Awely des tigres et des hommes Tigers and People

From birth to adulthood, the steps of the tiger’s life

4 September 2015

Protective and devoted, the tigress takes sole charge of caring for and educating her young. The male is present only in the mating phase, although it sometimes shares its prey with other females and their offspring.

After a gestation period of 95 to 107 days, the tigress delivers between one and six cubs (two or three on average) in an isolated area. The young are born blind and remain so for between 6 and 14 days. Cubs follow their mother’s body heat to find and suckle her milk. The mother only accepts the cubs who manage to do this; the others are considered as stillbirths and are soon abandoned.    

Fed on their mother’s milk for eight months, the cubs only have their first taste of meat when they are between 40 and 60 days old. They start by licking, then biting the prey deposited by their mother outside the den. Indeed, the tigress ensures a clean environment for her litter, by allowing no food or manure within their shelter. Furthermore, she regularly cleans her cubs by licking them, which has beneficial effects on their health.

At three months old, the young tigers can stay alone for several days, waiting for their mother to return from hunting, at which time they are always the first to eat. They stay close to their mother until the age of 18 to 36 months, in order to learn to hunt ̶  a fundamental education that starts between five and six months of age.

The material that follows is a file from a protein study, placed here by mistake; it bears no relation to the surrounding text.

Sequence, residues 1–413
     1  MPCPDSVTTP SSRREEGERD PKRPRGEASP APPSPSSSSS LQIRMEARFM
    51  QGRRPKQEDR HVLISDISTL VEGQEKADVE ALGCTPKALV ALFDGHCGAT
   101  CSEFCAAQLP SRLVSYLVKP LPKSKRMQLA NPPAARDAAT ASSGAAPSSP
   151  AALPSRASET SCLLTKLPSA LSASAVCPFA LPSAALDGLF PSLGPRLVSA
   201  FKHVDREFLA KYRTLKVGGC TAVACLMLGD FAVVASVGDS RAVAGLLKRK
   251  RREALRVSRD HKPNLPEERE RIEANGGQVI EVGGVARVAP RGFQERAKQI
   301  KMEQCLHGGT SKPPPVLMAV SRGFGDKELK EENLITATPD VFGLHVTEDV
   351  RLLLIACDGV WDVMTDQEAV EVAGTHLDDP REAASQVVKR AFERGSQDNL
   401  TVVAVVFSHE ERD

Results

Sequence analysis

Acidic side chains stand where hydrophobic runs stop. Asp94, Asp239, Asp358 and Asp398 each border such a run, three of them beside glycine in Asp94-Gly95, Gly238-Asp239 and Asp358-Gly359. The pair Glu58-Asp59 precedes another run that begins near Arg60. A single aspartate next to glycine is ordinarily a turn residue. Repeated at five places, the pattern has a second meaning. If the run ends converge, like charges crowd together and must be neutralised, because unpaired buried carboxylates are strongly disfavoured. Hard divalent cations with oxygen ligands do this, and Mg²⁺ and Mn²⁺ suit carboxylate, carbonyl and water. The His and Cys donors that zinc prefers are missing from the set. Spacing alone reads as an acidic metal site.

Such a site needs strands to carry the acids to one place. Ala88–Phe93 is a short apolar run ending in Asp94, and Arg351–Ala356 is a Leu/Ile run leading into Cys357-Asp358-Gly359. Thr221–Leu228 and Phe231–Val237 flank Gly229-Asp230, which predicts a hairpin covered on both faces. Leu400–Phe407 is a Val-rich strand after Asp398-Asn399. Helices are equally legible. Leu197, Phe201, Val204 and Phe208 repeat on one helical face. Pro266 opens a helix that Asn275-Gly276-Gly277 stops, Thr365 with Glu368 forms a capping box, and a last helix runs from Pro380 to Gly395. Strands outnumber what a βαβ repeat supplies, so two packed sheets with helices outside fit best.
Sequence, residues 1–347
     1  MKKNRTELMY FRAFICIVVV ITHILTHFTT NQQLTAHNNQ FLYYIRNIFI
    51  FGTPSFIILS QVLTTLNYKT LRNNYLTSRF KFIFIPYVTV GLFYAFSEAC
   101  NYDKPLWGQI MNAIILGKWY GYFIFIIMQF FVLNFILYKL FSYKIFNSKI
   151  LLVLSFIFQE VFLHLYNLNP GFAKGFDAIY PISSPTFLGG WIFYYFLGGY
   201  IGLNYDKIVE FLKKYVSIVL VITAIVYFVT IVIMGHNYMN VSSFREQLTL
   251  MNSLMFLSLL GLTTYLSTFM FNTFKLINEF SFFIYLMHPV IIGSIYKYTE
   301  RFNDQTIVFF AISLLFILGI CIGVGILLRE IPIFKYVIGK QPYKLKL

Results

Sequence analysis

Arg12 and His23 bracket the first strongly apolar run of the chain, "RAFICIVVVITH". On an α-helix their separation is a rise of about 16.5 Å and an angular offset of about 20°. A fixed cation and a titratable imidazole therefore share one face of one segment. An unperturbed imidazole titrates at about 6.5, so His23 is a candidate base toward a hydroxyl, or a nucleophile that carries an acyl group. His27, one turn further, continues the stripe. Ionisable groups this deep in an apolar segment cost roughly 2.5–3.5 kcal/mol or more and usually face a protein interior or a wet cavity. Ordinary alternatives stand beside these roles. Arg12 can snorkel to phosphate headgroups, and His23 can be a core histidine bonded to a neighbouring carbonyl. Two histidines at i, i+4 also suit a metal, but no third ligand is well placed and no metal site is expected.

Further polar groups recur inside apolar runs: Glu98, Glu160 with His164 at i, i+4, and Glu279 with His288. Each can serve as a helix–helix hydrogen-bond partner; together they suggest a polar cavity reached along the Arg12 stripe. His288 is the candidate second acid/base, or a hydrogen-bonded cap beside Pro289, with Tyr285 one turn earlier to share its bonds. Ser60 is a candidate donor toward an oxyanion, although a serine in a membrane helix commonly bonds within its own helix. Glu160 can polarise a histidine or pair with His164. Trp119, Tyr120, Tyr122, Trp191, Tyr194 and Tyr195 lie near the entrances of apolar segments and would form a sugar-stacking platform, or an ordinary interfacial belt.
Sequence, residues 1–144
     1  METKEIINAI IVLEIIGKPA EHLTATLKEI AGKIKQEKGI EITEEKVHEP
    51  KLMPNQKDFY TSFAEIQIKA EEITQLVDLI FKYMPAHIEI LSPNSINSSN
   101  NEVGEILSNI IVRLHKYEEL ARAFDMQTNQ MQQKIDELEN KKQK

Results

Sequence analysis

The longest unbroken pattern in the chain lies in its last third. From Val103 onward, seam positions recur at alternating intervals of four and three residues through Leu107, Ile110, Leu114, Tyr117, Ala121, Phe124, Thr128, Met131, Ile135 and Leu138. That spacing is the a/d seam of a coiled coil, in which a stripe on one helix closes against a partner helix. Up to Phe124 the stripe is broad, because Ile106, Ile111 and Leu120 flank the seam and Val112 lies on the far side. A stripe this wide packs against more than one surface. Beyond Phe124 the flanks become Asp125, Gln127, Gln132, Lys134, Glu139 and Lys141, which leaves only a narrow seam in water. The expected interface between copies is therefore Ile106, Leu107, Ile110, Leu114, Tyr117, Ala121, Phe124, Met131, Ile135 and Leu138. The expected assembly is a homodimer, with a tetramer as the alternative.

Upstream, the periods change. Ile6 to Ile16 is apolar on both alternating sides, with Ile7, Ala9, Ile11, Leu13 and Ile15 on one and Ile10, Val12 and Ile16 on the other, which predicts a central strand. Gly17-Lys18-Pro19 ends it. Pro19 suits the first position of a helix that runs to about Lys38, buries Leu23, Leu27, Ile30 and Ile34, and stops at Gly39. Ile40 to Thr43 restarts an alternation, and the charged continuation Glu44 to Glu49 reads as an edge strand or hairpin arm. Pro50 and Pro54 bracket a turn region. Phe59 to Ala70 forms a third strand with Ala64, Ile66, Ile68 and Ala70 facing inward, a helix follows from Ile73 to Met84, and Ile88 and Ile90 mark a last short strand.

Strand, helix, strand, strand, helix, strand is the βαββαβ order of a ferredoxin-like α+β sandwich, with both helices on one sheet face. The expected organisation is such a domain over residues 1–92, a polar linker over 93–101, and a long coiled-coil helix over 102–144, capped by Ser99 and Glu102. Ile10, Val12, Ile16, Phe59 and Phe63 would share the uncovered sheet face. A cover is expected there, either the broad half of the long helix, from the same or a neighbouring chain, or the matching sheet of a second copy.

The males leave their mother first and the sibling group separates definitively as soon as the tigress can mate again. It is possible for the young females to establish their territories near to that of their mother, where they are sometimes tolerated. In turn, the young adults reproduce at around three years old for the females and six for the males. Their lifespan in the wild is about 15 years.

It is not easy to observe tigers and their habits in natural environments, mainly because they move over large distances during the night and because it is difficult to track them in the forest or the savannah. Our Indian partner organisation, Aaranyak, studies them using an automated photography system, amongst other methods. Cameras with captors are put in the forest and enable the organisation to collect pictures and short videos. These images supply a lot of data, which is used to learn more about the feline and its behaviour.

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